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RIO DE JANEIRO (Dow Jones) -- Merchant bank analysts downgraded various Latin American steelmakers Wednesday on prospects of falling steel prices in Brazil and deteriorating profitability amid weak first-half demand.
Now is the time for profit-taking in the Latin American steel sector after a recent stocks rally which is set to peter out, said analysts from Morgan Stanley and Citigroup, which both downgraded Brazil's Gerdau SA (GGBR4.BR), Usinas Siderurgicas de Minas Gerais SA (USIM5.BR, USZNY), or Usiminas, Companhia Siderurgica Nacional SA (CSNA3.BR, SID) or CSN, and Latin American steelmaker Ternium (TX).
Morgan Stanley's researcher Carlos de Alba said in a report he downgraded the four steelmakers because "steel prices are poised to fall" and there's little room for any further improvement in steel stocks prices, which have risen as much as 42% from recent lows. The analyst cut Gerdau and Ternium to equalweight from overweight and CSN and Usiminas to underweight from equalweight.
"Risk-reward profiles have deteriorated as the shares appear already to price in the improving Latam steel fundamentals we see in the coming years: higher volumes driven by demand growth and reduced raw material costs that will boost operating margins," de Alba said. "We think (steel) prices have peaked and will decline in coming weeks."
It's unclear how Ternium will generate an attractive return on its expensive acquisition of a controlling stake in Usiminas, where any turnaround by its new management will take at least two years, according to de Alba. In addition, Gerdau's stock is currently pricey and CSN continues to face problems expanding its iron ore shipments which has generated concerns over capital allocations, he said.
Citigroup analyst Alex Hacking cut Gerdau and Ternium to neutral from buy and Usiminas and CSN to sell from neutral. Target share prices were cut for all the steelmakers.
Hacking highlighted several near-term concerns for Latin American steelmakers in a report. Steel share prices have rallied without fundamental improvements, he said. First-half 2012 demand for steel in Brazil, the biggest Latin American producer and consumer, is looking weak and is overhung by high inventories, meaning there's little near-term prospect of higher prices for the region's steel mills.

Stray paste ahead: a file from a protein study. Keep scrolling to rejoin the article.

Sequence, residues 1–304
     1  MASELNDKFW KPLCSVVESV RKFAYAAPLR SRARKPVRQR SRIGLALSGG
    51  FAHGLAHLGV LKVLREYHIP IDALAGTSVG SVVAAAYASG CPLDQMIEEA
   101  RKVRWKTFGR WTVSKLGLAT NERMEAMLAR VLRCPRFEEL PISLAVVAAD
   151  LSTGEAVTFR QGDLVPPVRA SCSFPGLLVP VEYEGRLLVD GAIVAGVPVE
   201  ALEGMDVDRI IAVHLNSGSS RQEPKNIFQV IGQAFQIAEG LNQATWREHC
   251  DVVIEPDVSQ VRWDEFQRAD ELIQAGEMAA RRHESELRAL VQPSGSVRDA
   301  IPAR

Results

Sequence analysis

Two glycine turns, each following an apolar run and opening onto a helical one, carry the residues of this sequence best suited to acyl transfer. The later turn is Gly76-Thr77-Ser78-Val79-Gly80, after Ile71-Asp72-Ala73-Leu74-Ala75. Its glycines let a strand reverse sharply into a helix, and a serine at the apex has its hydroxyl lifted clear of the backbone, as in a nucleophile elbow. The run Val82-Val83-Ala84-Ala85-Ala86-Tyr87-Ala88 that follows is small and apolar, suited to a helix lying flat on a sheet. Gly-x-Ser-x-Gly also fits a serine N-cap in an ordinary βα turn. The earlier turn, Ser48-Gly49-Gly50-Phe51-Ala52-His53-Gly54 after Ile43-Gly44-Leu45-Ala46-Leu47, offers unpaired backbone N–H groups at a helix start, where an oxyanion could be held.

"Global over-capacity has limited any sustainable pricing since 2008, and we do not anticipate any improvement in 2012," Hacking said.
While steelmakers' margins may rise in second-quarter 2012 due to lower raw materials costs, any advantages gained will fizzle out later in the year due to cost inflation, according to Citigroup's calculation.
In a report earlier this week, Morgan Stanley analyst Marcelo Aguiar said that a combination of lower risk aversion among equity investors and recent steel price hikes in the U.S. has brought investor attention back to the steel sector.
However, "we do not see earnings expanding for Brazilian companies, given a low probability of local steel price increases near term," Aguiar said.
The Morgan Stanley analyst notes there is "skepticism" on CSN's investment case and says that the stronger outlook for the U.S. economy seems to be already priced into the stock at Gerdau, which still needs to reap in any benefit from its current iron ore mining investments.
Appointment of a new CEO at Usiminas meanwhile "reduces the near-term visibility on Usiminas' strategy, which could act as an overhang," said Aguiar, who expects Usiminas to report weak earnings in fourth quarter 2011 and first-quarter 2012.
-By Diana Kinch, Dow Jones Newswires, Tel +55 21 2586 6086. firstname.lastname@example.org